We need stories.
They help us make sense of our existence, of where we have been and where we are going, of what is right and wrong, and what purpose and meaning we find along our way, crooked or straight.
It seems there is a story ready-made for every phase of our lives. We borrow these stories and mold and shape them to fit our own circumstances.
There is the story of birth, the story of coming of age, the boy-meets-girl story, the overcome-odds career story. The stories of joy and grief, of love and loss, and of success and failure, of faith and redemption. Finally there is the last story, the story of death, one that others will have to tell for and about us, for we will have departed the stage.
Some stories are one-of-a-kind, bespoke stories, made unique by events or by circumstance: the first man on the moon or the last man (or woman) standing after a tornado has swept through a farm town.
Others are universal, archetypical, templates for the human condition, mythic in their scope and focus. In some magic way these legendary stories reflect elemental truths or record traditions of great value.
Scholars like Joseph Campbell have outlined the repetitive myths that have excited our imaginations for centuries: the Quest of the Hero, the Pursuit of Love, the Adoration of the Sacred, our Rendezvous with Death.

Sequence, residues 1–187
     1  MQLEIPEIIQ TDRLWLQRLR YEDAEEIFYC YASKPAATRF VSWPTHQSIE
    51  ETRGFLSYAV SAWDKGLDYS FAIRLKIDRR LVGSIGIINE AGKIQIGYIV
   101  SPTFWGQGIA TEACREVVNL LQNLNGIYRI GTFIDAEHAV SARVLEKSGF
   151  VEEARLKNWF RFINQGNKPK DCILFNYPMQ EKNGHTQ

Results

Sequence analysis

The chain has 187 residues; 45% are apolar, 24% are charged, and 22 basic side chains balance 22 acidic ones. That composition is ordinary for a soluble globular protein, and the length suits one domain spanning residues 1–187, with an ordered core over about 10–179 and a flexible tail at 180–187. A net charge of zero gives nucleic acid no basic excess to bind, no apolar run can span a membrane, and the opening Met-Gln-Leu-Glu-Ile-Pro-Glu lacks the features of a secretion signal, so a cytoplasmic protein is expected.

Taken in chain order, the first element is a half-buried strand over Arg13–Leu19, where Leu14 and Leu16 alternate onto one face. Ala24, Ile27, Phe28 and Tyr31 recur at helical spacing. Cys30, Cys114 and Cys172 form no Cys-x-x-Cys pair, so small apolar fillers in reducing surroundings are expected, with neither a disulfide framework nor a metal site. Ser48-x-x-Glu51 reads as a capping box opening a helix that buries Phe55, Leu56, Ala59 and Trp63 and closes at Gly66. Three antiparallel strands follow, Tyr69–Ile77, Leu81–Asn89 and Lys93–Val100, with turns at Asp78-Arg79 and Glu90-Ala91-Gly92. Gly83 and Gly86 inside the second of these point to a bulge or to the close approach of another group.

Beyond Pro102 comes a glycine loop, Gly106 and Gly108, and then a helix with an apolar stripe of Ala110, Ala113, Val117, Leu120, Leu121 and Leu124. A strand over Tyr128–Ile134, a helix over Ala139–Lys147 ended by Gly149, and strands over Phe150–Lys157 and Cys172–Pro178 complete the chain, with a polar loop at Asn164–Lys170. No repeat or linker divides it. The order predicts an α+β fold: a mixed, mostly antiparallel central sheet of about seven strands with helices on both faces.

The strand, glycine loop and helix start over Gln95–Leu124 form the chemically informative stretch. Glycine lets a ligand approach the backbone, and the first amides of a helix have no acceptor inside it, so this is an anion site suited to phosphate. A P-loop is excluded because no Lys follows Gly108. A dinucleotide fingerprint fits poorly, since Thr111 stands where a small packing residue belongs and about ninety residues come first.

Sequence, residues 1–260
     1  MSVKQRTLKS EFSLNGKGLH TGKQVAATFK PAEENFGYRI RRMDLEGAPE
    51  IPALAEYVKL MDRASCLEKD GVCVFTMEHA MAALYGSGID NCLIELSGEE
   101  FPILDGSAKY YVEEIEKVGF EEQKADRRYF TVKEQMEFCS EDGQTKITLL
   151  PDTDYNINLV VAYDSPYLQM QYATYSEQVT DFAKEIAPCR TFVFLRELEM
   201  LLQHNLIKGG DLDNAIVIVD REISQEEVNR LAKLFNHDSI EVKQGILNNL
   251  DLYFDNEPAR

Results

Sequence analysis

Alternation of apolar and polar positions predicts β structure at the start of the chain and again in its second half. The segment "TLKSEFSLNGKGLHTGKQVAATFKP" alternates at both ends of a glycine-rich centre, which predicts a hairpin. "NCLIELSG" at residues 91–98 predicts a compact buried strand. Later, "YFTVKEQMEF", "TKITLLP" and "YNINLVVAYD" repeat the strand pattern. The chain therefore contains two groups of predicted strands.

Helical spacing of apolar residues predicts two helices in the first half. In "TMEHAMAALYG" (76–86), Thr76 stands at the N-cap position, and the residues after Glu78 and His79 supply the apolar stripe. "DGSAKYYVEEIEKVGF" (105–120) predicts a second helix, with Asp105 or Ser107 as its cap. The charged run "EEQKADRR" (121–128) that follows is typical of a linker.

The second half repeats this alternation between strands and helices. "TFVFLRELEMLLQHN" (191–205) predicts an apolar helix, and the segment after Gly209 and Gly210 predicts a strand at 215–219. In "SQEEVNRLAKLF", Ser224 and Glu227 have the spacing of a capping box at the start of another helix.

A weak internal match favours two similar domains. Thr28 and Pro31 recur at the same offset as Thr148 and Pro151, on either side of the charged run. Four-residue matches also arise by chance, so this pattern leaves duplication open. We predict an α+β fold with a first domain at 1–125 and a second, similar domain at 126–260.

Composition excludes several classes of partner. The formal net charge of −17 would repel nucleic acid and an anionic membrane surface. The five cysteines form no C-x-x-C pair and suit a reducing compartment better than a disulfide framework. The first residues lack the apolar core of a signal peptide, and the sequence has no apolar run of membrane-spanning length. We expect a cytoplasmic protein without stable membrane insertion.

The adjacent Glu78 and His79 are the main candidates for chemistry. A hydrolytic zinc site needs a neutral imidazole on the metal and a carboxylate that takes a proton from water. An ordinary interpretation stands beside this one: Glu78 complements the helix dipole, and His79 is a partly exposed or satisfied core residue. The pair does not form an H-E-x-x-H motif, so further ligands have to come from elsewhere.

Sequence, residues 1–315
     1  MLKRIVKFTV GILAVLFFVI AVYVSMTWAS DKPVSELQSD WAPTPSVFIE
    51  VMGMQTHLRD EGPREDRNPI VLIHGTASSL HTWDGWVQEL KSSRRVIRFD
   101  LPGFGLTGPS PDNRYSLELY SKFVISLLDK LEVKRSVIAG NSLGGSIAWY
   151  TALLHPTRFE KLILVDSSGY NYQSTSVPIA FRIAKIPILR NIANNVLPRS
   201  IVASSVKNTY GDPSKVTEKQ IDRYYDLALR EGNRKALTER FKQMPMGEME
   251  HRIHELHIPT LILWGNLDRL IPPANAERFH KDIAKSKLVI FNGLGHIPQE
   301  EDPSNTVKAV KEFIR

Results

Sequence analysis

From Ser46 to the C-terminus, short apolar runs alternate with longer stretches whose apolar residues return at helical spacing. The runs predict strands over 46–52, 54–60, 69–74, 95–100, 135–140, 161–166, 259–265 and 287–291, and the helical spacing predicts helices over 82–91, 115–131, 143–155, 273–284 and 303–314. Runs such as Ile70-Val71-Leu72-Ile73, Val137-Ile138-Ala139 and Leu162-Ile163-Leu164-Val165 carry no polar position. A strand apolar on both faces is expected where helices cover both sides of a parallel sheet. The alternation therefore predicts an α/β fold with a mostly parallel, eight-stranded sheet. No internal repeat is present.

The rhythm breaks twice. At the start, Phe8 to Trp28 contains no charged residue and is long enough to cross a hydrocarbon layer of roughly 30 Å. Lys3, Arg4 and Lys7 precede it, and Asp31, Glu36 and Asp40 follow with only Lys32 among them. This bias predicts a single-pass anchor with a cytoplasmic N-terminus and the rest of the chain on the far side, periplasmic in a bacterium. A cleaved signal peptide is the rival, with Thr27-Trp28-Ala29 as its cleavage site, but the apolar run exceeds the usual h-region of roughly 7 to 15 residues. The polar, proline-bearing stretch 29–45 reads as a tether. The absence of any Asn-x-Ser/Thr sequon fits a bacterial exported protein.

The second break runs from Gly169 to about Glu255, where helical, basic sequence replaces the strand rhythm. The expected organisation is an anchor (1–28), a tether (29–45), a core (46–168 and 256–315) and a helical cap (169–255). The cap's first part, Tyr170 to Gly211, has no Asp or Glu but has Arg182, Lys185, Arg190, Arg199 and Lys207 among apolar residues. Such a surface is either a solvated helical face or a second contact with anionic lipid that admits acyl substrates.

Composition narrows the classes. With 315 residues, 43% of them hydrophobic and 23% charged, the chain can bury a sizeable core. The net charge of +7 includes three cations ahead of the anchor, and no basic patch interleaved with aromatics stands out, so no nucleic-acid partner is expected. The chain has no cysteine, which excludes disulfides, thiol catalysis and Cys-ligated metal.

These stories tap into powerful human memories, into what Jung called the collective unconscious, in strange and surprising ways. How else to account for the continuing popularity of the saga of Beowulf? The story’s appeal to its original 8th century audience seems natural: it tells of a hero who fights the monsters that roam in the dark outside the warmth and light of the Great Hall, both a cautionary tale and one designed to inspire the courage of its listeners.
The primal power of Beowulf has lasted. The saga has been retold in fiction and film repeatedly. There have been four full-length cinematic versions in the first decade of this century alone, including one featuring Angelina Jolie (director Robert Zemeckis’ 2007 Beowulf) and another, Outlander (2008), that reimagines the story from the perspective of a warrior from outer space.
Hollywood will never run out of material, for like children at bedtime, we seem to crave hearing the same tale—with some embellishments—over and over again.
Then there are our own stories, the ones we tell ourselves. They chronicle our existence. They may, or may not, align with what others see or experience but they are stubbornly ours. In them we often play the role of unreliable narrator (a term invented by literary critics), and yet we can be reliably expected to fashion a story that somehow meets our psychic needs. We may be victim or hero, bystander or protagonist, innocent or guilty. We may sand off the rough edges and conveniently forget those awkward moments that don’t quite fit into the storyline we have crafted. Under extreme pressure, we may even create a freshly-conceived, alternative reality and come to believe in it.
We need these stories, both the personal and the borrowed. They help us find our place in the world. They give us roots. They can gird us for combat or prepare us for love. They inspire us (remembering that inspire in the Latin means to breathe into). They are the stuff of dreams and of nightmares.
They may very well be what sets us apart from the rest of creation. Who else tells stories? And who else lives by them?
Copyright © 2012 Jefferson Flanders
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